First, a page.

Bell and US Marshall Bob Ollinger are believed to have been abusive to Billy, and he had a history of reacting violently to bullies. After shooting Bell, Billy got Ollinger’s shotgun and waited for him in the upstairs corner window (behind the tree in the photo; the Wortley was behind me and to my left when I took the picture). Ollinger was across the street at the Wortley Hotel with a group of prisoners having lunch. When he heard the shots, he raced across the street and into history. Also into two barrels of shot from his own shotgun.
Bell managed to crawl out the back door into the yard before he died. Ollinger died where he stood. Today two small monuments mark the locations (or as near as can be determined) where the two lawmen died.
Here’s more of what Howard had to say about the visit:
We tried to re-create the situation that April morning in 1881 when the Kid, tricking his captor, J. Bell, off-guard by a game of monte, snatched his pistol and fought his way to liberty. We followed the route through the rooms and hallway by which Billy marched his prisoner, intending to lock him into the armory. We saw the stair where Bell made his desperate break, and the hole in the wall at the floor where the Kid’s bullet had lodged, after tearing its way through Bell’s heart…We stood at the window from which the Kid watched Bob Ollinger run across the street at the sound of the shot; the same window from which he poured eighteen buckshot into Ollinger’s breast from the man’s own shotgun.
Howard goes on to describe how he envisioned the scene. It’s great stuff, as powerful as any fiction he wrote. You can find it on p. 347 of The Collected Letters of Robert E. Howard Volume Three: 1933-1936 (edited by Rob Roehm) or on p. 868 of A Means to Freedom The Letters of H. P. Lovecraft and Robert E. Howard Volume 2: 1933-1936 (edited by S. T. Joshi, David E. Schultz, and Rusty Burke).
Howard and Vinson continued down the street, still a dirt road, to the Torreon. (The highway wasn’t paved until the 1950s.) The looked at a number of buildings, some no longer in existence. The Torreon is the oldest standing structure in Lincoln. It was built around the time the town was first settled and served as a fortification against Indian attacks.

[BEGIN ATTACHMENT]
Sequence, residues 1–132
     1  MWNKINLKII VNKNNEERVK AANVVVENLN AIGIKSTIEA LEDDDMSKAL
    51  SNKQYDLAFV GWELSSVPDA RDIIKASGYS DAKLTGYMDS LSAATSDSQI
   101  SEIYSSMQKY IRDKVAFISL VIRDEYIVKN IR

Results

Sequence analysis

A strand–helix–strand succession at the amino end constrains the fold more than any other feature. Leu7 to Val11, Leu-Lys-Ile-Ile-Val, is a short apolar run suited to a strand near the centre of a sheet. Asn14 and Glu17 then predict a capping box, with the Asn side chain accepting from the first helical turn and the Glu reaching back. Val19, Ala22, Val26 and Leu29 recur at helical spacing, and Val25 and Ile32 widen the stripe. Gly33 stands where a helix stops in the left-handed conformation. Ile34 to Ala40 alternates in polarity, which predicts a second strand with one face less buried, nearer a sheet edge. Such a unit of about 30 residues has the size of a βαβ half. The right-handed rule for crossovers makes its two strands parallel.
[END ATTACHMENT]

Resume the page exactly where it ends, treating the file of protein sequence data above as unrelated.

Howard summarized the bloody history of Lincoln (which includes a great deal more than the Lincoln County War) as he closed out this portion of his letter to Lovecraft, and here’s what he said about the Torreon:
Yonder, to the east, stands the old tower about which, in the past, waves of painted braves washed like a red tide. Their bodies littered the earth like bright-colored leaves when that tide broke. Not once but many times.
Lovecraft appreciated Howard’s description and said so in his answering letter. He also expressed a desire for the courthouse to be preserved. One thing I find intriguing is he thanks Howard for sending him photographs of the courthouse and the Torreon. I would love to see them. The Torreon was restored in 1937, although not to its original height. It was four stories tall when it was originally completed. It currently stands about two stories tall as you can see from the photo on the right. I would be interested in comparing how it looked in Howard’s day to its present appearance.
As I said at the start of this post, I hadn’t done my homework on either Howard’s trip to Lincoln or the Lincoln County War. Things were pretty hectic during that time, and I was barely able to get away. Lincoln is about a half a day’s drive from where I live, so a return trip is probably something I can pull off in a year or two. I’d like to get some more photos and revisit a couple of spots whose significance I didn’t realize at the time.
My wife was quite envious when I told her about sitting out on the porch at the Wortley in the evening enjoying the cool mountain breeze and listening to the crickets and sleeping with the window open in the room that had been restored to period. I think that means I’ll have to take her on the next trip.
Which won’t be a bad thing at all.